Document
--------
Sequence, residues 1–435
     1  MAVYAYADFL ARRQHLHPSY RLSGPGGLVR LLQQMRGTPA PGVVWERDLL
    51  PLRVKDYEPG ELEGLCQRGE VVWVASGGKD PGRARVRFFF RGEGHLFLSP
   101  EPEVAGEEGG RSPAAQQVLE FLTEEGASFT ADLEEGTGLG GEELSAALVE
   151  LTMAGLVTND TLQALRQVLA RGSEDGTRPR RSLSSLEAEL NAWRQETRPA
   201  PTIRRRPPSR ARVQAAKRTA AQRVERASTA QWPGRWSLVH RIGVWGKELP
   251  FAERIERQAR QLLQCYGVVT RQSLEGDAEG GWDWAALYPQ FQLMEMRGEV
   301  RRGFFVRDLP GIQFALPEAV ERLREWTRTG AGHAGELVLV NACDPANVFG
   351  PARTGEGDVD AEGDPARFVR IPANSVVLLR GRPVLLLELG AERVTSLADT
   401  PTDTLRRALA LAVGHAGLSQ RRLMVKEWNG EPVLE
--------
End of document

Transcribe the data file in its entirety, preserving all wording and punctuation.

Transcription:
Sequence, residues 1–435
     1  MAVYAYADFL ARRQHLHPSY RLSGPGGLVR LLQQMRGTPA PGVVWERDLL
    51  PLRVKDYEPG ELEGLCQRGE VVWVASGGKD PGRARVRFFF RGEGHLFLSP
   101  EPEVAGEEGG RSPAAQQVLE FLTEEGASFT ADLEEGTGLG GEELSAALVE
   151  LTMAGLVTND TLQALRQVLA RGSEDGTRPR RSLSSLEAEL NAWRQETRPA
   201  PTIRRRPPSR ARVQAAKRTA AQRVERASTA QWPGRWSLVH RIGVWGKELP
   251  FAERIERQAR QLLQCYGVVT RQSLEGDAEG GWDWAALYPQ FQLMEMRGEV
   301  RRGFFVRDLP GIQFALPEAV ERLREWTRTG AGHAGELVLV NACDPANVFG
   351  PARTGEGDVD AEGDPARFVR IPANSVVLLR GRPVLLLELG AERVTSLADT
   401  PTDTLRRALA LAVGHAGLSQ RRLMVKEWNG EPVLE